Ethernet speeds are on a solid trajectory to 100 Gbps and beyond, and with advances in fiber optics and physical-layer switching already hitting the channel, the enterprise is under the gun to implement a migration plan, soon.
But while the goal is clear, the process is not. Multiple technological and architectural decisions will have to be made, and the ultimate solution will be customized to a fair degree to accommodate the vagaries of legacy infrastructure.
According to the Dell’Oro Group, the Ethernet market will soar to $26 billion by the end of the decade, led primarily by the deployment of 25 and 100 Gbps solutions in the data center and 2.5 and 5 Gbps across the campus. A key driver, of course, is the insatiable demand for data by an increasingly digital-savvy population, compounded by the rapid rise of connected IoT devices that will produce a dramatic increase in machine-to-machine (M2M) traffic.
Interestingly, though, Dell’Oro says deployment of both 10 and 40 GbE solutions will wane as the decade progresses, which presents a conundrum for organizations as they ponder the upgrade path to 100 G. Previously, the accepted path went from single-lane 10 GbE to four-lane solutions which could be aggregated when necessary to provide 40 G, then you can keep adding 10 G as needed until the cost to convert to full 100 G starts to make sense. But now that the IEEE has ratified a slew of 25 GbE standards, the enterprise has the option of converting 10 GbE ports to 25 GbE now and then pursuing a more streamlined approach to 100 GbE going forward.
The question is, which is the better approach? Either way, at some point you have to convert ports and cabling to support wider bandwidths, but the exact when and how will be as unique as the legacy network architectures that populate the data center.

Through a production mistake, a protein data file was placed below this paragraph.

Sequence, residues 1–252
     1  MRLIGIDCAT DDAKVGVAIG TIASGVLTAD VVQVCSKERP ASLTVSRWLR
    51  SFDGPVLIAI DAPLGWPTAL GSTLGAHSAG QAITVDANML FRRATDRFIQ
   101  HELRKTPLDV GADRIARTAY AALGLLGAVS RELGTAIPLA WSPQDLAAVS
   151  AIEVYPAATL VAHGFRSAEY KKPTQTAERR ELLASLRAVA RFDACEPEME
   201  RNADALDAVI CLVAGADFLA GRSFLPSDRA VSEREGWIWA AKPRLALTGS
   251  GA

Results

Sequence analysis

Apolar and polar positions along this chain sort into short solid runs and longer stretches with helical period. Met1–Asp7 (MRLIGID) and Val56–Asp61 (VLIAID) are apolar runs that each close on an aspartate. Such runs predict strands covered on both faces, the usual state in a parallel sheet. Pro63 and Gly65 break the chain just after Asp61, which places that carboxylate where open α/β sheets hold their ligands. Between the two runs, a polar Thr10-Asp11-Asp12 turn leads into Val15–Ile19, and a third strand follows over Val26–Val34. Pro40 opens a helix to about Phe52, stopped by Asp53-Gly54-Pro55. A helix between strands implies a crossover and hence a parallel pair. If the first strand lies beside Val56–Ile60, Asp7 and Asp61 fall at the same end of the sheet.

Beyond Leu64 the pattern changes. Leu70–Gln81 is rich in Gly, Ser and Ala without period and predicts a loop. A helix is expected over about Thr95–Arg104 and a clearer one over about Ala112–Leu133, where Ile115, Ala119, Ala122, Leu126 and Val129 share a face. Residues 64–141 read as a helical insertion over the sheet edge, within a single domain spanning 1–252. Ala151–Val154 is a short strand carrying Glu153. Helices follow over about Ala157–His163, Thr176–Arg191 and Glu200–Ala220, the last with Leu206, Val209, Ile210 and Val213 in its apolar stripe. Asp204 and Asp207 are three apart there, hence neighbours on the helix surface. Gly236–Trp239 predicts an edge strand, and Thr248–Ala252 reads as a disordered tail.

At best, says CommScope’s James Donovan, there are some basic design considerations that can make the 10/40/100 transition easier (and presumably the 10/25/50/100 one as well). These include minimizing the cable polarity variants in existing infrastructure while ensuring that the polarity you settle on does not limit your future deployment options. Implement a uniform data rate for MPO pins on both patchcords and trunks, and make sure the trunk connectors are the same on both ends. And once the migration plan has been set, diagram each variation and double-check the physical model to ensure everything remains in sync.
Complicating matters even further, though, is the possibility of converting legacy copper cabling to fiber once data needs push into 100 G territory and beyond. Intel is about to start shipping 100 G modules that use silicon photonics to transmit data as light pulses rather than electrical signals. As reported in eWeek, the first two devices are a four-lane, single-mode device and a four-lane coarse WDM unit aimed at switch-to-switch optical interconnects in the data center. Future versions will feature pluggable and embedded designs with the ability to transmit over distances of two kilometers, ushering in the real possibility of tightly integrated, high-speed geo-distributed data environments. All the enterprise needs to do is swap out existing copper cabling in the data center for fiber.
Naturally, upgrading network bandwidth is trickier in larger enterprises that have more diverse traffic patterns. But the alternative is to do nothing, and that simply will not work as the rest of the world gravitates toward digital services that can only function properly on high-speed, highly flexible network architectures.